Rotifers are microscopic invertebrates characterized by a ciliated head structure and a jaw-like grinding organ, the mastax. Within the phylum Rotifera, bdelloids are of particular interest because of their survival and diversification for tens of million years without males, reproducing asexually [1,2]. Recently, our team revealed a particular genome structure in the bdelloid lineage Adineta vaga confirming this ameiotic evolution: the allelic regions were rearranged and sometimes found on the same chromosome preventing pairing of homologues chromosomes and proper segregation of alleles. Our genomic results and a recent transcriptomic study by Boschetti et al.  on the closely related bdelloid species Adineta ricciae also revealed that around 8% of the genes in the genome are of apparent non-metazoan origin and were therefore probably acquired horizontally. In A. ricciae, these genes of foreign origin appear to be expressed on a scale unprecedented in animals. Moreover, there is evidence for ancient HGTs in the genus Adineta when comparing both species  suggesting that HGTs have contributed significantly to the adaptation of bdelloid rotifers and may represent an advantage during their ameiotic evolution.
The 400 described morphospecies of bdelloid rotifers are ubiquitous inhabitants of nearly all freshwater habitats on Earth, with a preference for limno-terrestial environments such as mosses, lichens and temporary freshwater pools . Their ability to thrive in such habitats lies in their extreme resistance to desiccation at any stage of their life cycle. When habitats dry out, bdelloids enter a state of suspended life in the form of a “tun” (when their body becomes ovoid and contracted), then regain activity when water becomes available. This phenomenon, known as “anhydrobiosis” , was discovered in bdelloids over 300 years ago by Van Leeuwenhoek . Anhydrobiosis is not common among metazoans and is often restricted to particular developmental stages such as the resting eggs of the monogonont rotifers  and Daphnia , the cysts of some crustaceans such as Artemia , and the larvae of a few insect species, including chironomids . However, there are three well-known invertebrate phyla able to withstand desiccation at any stage in their life-cycle, including the adult form: tardigrades, nematodes and bdelloid rotifers . These taxa represent unique model systems to investigate the desiccation phenomenon.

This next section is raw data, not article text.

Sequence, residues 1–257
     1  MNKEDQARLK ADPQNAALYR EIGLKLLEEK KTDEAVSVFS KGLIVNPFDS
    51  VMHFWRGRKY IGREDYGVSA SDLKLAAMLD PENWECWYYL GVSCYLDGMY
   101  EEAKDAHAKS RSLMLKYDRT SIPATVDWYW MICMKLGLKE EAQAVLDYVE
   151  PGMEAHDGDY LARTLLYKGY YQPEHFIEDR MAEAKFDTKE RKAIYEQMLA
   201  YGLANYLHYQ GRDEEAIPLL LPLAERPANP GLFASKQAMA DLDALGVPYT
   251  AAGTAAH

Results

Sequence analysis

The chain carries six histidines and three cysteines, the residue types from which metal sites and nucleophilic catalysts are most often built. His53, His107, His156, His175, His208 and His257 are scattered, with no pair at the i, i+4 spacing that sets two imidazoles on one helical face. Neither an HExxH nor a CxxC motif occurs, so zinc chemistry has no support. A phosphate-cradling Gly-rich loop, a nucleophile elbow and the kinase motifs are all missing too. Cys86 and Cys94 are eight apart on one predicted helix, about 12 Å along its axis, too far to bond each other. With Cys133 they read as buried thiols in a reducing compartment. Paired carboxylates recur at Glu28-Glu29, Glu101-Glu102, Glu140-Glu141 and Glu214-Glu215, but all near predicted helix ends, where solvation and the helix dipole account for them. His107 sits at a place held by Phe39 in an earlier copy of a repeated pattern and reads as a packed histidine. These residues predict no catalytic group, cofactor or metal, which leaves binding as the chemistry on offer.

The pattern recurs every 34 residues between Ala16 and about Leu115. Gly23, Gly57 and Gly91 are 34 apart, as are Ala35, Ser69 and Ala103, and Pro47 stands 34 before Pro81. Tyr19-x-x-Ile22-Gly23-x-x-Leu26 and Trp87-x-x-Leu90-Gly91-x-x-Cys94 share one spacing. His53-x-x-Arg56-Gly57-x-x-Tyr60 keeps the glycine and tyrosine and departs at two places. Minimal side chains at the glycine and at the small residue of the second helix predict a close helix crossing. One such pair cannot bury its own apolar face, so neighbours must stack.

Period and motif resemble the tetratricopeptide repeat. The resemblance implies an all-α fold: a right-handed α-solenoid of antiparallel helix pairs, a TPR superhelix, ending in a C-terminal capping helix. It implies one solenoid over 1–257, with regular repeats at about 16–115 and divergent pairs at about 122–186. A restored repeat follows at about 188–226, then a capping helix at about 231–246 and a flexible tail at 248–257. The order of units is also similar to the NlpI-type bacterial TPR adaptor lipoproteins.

Desiccation survival involves complex changes and adaptations at morphological, physiological and molecular levels that either protect cellular components from desiccation-induced damage or promote their repair following rehydration. A number of candidate genes involved in desiccation resistance have been identified by genomic, transcriptomic and proteomic analyses in several species. There appears to be a set of molecular adaptations common to all “anhydro-organisms”, which has led Potts et al.  to coin the term “desiccome” to describe those “universal” molecules involved in desiccation tolerance. One of the critical components of the desiccome are non-reducing disaccharides found to accumulate during desiccation, such as trehalose (in bacteria, fungi, some resurrection plants and metazoans) and sucrose (in most plants, pollen and seeds) [14–16]. These sugars have been proposed to play a role in osmotic adjustment, to stabilize biomolecules and membranes, and to act as a replacement for water [17,18].